While still on active duty in 1944, McCarthy challenged incumbent Alexander Wiley for the Republican nomination to the U.S. Senate, but was soundly defeated.  In April, 1945, having resigned his military commission, McCarthy was re-elected without opposition to the circuit court.  He immediately began planning for the 1946 Senate campaign.

Senator McCarthy

Initially, McCarthy was given little chance of defeating incumbent Robert M. La Follette, Jr. for the Republican Senate nomination.  La Follette, the son of the famous “Fighting Bob” La Follette, was well known in Wisconsin, having served as senator for 21 years.  But La Follette had only recently rejoined the Republican Party after years as a leader of the Progressive Party, and many Republicans resented his return.  Aided by the support of the Republican organization, McCarthy ran a typically energetic campaign and beat La Follette by a tiny margin.  In the general election, McCarthy easily defeated his Democratic opponent and went to Washington at age 38, the youngest member of the new Senate.

As a senator, McCarthy’s voting record was generally conservative, although he did not follow the Republican Party line.  The main accomplishments of his first years came with his successful fight for housing legislation and his work to ease sugar rationing.  The biggest national issue at the time was the suspicion of communist infiltration of the United States government following a series of investigations and espionage trials.  McCarthy engaged this issue on February 9, 1950, in a speech before a Republican women’s group in Wheeling, West Virginia.  In his address, McCarthy charged that U.S. Secretary of State Dean Acheson knew of 205 communists in the State Department.  Later, McCarthy claimed to have the names of 57 State Department communists, and called for an investigation.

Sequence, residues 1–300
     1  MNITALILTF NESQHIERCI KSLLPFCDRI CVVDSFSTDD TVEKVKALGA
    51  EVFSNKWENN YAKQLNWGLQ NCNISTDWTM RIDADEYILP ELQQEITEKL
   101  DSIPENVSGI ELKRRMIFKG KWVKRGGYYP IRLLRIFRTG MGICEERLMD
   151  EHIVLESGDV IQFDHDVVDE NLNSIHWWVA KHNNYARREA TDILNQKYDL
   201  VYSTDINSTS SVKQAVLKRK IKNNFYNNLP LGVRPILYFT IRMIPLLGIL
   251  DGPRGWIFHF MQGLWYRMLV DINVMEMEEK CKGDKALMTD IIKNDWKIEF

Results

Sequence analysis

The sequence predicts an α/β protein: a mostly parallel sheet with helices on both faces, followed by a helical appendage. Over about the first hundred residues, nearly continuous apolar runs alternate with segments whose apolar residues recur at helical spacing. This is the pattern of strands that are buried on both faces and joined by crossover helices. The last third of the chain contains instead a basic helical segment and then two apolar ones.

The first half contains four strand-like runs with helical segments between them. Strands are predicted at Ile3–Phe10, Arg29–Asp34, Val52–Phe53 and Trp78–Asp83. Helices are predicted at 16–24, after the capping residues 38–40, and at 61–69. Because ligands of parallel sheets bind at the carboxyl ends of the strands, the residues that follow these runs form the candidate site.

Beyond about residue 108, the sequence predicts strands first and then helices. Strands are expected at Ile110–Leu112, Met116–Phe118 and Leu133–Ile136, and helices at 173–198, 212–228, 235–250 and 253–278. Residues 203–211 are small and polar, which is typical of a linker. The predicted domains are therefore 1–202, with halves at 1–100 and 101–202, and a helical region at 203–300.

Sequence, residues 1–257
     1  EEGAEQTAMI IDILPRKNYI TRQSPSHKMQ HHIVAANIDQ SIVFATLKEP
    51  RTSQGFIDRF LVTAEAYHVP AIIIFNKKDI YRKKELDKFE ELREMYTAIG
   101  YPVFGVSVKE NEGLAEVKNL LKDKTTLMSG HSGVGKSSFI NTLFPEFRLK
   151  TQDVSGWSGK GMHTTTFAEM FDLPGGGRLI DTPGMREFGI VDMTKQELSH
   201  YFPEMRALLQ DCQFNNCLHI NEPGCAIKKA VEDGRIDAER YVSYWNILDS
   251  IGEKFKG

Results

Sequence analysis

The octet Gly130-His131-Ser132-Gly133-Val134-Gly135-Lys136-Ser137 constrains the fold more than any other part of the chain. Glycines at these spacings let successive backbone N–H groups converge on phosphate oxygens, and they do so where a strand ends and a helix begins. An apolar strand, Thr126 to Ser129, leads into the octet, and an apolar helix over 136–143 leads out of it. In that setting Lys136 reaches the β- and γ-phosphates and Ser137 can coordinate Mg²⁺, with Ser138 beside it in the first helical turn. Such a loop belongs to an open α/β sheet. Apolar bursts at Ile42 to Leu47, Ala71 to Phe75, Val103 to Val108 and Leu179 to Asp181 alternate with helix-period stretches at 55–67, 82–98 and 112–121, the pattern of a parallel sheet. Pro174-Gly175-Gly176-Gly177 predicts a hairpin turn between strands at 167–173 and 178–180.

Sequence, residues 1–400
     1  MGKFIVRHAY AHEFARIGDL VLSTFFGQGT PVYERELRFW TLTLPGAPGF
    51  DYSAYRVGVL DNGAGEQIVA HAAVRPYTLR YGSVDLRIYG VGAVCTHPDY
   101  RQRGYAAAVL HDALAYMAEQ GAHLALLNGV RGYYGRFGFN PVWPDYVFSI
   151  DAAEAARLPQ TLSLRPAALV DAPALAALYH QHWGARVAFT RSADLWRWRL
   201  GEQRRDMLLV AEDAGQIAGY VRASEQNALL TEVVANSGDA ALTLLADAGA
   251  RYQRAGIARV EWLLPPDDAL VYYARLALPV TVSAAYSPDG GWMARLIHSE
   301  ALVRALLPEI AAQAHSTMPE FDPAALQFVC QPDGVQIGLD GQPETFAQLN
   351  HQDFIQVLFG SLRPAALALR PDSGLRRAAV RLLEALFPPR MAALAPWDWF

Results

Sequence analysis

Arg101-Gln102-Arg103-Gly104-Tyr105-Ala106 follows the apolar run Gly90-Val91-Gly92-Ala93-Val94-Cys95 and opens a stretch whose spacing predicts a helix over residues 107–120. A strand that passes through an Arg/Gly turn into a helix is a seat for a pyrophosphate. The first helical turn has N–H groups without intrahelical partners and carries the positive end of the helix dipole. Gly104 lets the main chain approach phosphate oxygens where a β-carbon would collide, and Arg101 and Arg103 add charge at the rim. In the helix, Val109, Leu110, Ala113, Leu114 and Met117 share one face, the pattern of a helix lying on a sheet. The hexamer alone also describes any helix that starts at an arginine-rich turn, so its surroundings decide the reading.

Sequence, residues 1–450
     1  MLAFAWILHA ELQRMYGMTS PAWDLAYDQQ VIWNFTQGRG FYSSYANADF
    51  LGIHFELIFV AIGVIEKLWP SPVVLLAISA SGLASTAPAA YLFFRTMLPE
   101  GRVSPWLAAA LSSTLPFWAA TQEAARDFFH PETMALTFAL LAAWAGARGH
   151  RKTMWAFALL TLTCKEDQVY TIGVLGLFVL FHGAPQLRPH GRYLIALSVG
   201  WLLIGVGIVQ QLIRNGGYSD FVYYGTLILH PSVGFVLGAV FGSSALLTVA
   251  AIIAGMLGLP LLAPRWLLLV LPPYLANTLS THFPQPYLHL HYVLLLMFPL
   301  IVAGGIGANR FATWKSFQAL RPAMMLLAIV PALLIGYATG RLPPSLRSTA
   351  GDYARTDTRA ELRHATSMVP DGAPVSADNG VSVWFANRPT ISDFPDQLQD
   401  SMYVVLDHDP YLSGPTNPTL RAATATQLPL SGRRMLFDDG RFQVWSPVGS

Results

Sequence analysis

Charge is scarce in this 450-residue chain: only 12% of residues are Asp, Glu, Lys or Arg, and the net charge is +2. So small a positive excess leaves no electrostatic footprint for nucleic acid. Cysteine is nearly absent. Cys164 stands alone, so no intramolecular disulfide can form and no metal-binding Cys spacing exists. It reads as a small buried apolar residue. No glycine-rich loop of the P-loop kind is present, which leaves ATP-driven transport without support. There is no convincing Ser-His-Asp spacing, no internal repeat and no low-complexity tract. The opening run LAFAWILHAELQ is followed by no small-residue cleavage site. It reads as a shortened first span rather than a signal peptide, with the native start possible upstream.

McCarthy’s charges caused a furor.  In response, the Senate appointed a committee under the direction of Senator Millard Tydings, Democrat of Maryland, who opened hearings on March 8, 1950.  Though McCarthy had hired investigators of his own, all the names he eventually supplied to the committee were of people previously examined.  McCarthy failed to name a single current State Department employee.  On July 17, 1950, the Tydings committee issued a report that found no grounds for McCarthy’s charges.  McCarthy, however, refused to back down, issuing further accusations of communist influence on the government.  These charges received extensive media attention, making McCarthy the most famous political figure in the nation after President Harry Truman.  He was also one of the most criticized.  McCarthy’s enemies began a smear campaign against him, spreading lies that have permeated his biographies ever since.